United States of America v. King et al
ORDER denying without prejudice 5 Motion for Entry of Default. Any renewed motion for entry of default must be supported by an affidavit or declaration that satisfies N.C. Gen. Stat. § 1-75.10(a)(4). Signed by Julie Richards Johnston, Clerk of Court on 10/14/2016. (Briggeman, N.)
IN THE UNITED STATES DISTRICT COURT
FOR THE EASTERN DISTRICT OF NORTH CAROLINA
UNITED STATES OF AMERICA,
BERNICE KING, et al.,
This matter is before the clerk on the Motion for Entry of Default [DE-5]. The motion is
DENIED without prejudice.
The Government initiated this action by filing a complaint [DE-1] on August 8, 2016.
On August 18, 2016, counsel for the Government filed a Notice of Service [DE-4], wherein he
certified that defendants Bernice King and Donald King “have been served with a copy of the
Summons and Complaint filed in this action as is indicated on the attached Postal Forms 3811.”
The attached Postal Form indicates that Donald King signed for delivery of certified mail
addressed to him, and to Bernice King, on August 11, 2016. On September 12, 2016, the
Government filed the instant motion for entry of default, supported by the declaration of
Government counsel. In the declaration, Government counsel affirms that both Donald King and
Bernice King were served with the complaint and summons on August 11, 2016, and have failed
to appear, plead, or otherwise defend.
Rule 4(e) of the Federal Rules of Civil Procedure governs service on an individual and
“provides that service may be accomplished by either (1) delivering a copy of the summons and
complaint to the defendant personally or to a person of suitable age and discretion then residing
at the defendant’s home or usual place of abode or (2) delivery a copy of the summons and
complaint to an agent authorized by appointment or by law to receive service of process.”
McCreary v. Vaughan-Bassett Furniture Co., 412 F. Supp. 2d 535, 538 (M.D.N.C. 2005); see
also Fed. R. Civ. P. 4(e)(2).
Alternatively, service of process may be accomplished by
“following state law for serving a summons in an action brought in the courts of general
jurisdiction in the state where the district court is located or where service is made.” Fed. R. Civ.
In this case, the Government did not cause a copy of the complaint and summons to be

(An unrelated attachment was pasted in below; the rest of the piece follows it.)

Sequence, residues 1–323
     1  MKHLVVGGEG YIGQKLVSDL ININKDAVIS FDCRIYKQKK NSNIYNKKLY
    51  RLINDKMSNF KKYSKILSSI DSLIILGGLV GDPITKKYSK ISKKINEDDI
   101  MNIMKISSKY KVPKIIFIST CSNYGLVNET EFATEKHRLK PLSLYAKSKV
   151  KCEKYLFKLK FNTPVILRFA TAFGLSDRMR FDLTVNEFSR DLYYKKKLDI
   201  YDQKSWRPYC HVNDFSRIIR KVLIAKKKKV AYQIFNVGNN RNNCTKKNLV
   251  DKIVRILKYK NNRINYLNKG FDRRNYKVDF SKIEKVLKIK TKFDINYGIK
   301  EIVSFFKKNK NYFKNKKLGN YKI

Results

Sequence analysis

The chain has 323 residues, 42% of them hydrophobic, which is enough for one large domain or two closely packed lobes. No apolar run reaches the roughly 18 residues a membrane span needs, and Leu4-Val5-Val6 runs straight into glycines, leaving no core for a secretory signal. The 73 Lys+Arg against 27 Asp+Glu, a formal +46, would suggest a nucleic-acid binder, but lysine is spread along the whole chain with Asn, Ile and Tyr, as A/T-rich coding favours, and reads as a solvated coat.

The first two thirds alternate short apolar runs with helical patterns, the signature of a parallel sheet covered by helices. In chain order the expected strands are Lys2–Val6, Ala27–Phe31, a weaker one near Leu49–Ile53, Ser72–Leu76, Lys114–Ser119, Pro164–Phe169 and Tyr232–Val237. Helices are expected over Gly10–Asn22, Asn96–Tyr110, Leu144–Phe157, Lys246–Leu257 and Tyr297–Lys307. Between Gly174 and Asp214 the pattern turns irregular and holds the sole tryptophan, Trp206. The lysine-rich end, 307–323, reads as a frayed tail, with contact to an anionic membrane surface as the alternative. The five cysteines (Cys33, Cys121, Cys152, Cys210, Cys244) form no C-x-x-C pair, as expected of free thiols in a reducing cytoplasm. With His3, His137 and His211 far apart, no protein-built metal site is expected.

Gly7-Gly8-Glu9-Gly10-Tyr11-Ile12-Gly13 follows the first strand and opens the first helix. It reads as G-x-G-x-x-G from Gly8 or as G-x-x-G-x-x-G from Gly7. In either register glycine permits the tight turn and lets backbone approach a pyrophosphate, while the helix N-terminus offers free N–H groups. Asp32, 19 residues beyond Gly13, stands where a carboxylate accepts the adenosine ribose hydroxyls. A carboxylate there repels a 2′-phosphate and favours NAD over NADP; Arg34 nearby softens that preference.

delivered personally to either defendant or his or her agent, nor did it leave process with a
suitable person at either defendant’s usual place of abode. Thus service was not effected under
Federal Rule 4(e)(2).
Accordingly, the Government will be deemed to have served the
defendants with process only if it complied with the law of the state where this court sits, North
North Carolina law allows for service on an individual by certified or registered mail.
N.C. Civ. R. P. 4(j)(1)(c). Service is presumed to be complete on the date that a summons and
complaint are delivered to a defendant’s address, with two exceptions. N.C. Civ. R. P. 4(j2)(2).
The two exceptions occur: (1) when a plaintiff seeks a default judgment or (2) when a defendant
appears in an action to challenge service. See Lynch v. Lynch, 360 N.C. 367, 370, 279 S.E.2d
840, 843 (1981). “In these two situations, a plaintiff must prove service by filing with the court
an affidavit that complies with N.C.G.S. § 1-75.10.4.” Moore v. Cox, 341 F. Supp. 2d 570, 573
(M.D.N.C. 2004); N.C. R. Civ. P. 4(j2). The pertinent portion of N.C. Gen. Stat. § 1-75.10
requires an affidavit of the serving party averring: (1) that a copy of the summons and complaint
was deposited in the post office for mailing by certified mail, return receipt requested; (2) that it
was in fact received as evidenced by an attached registry receipt, and (3) the genuine receipt is
attached. See N.C. Gen. Stat. § 1-75.10(a)(4).
Here, the Government seeks an entry of default. Although the record suggests that the
Government has indeed effected service under North Carolina Rule of Civil Procedure 4(j)(1)(c),
the clerk nevertheless cannot find that the requirements for proving service under Rule 4(j2) have
been met. Although the Government filed an unsworn certification stating that service was
effected by certified mail on the defendants [DE-4] and a declaration in support of the motion for
entry of default, neither of those documents satisfies the requirements of N.C. Gen. Stat. § 175.10(a)(4).
The motion for entry of default [DE-5] is accordingly DENIED without prejudice to
renew within 30 days. Any renewed motion for entry of default must be supported by an
affidavit or declaration that satisfies N.C. Gen. Stat. § 1-75.10(a)(4).
SO ORDERED. This the 14th day of October, 2016.
Julie Richards Johnston
Clerk of Court
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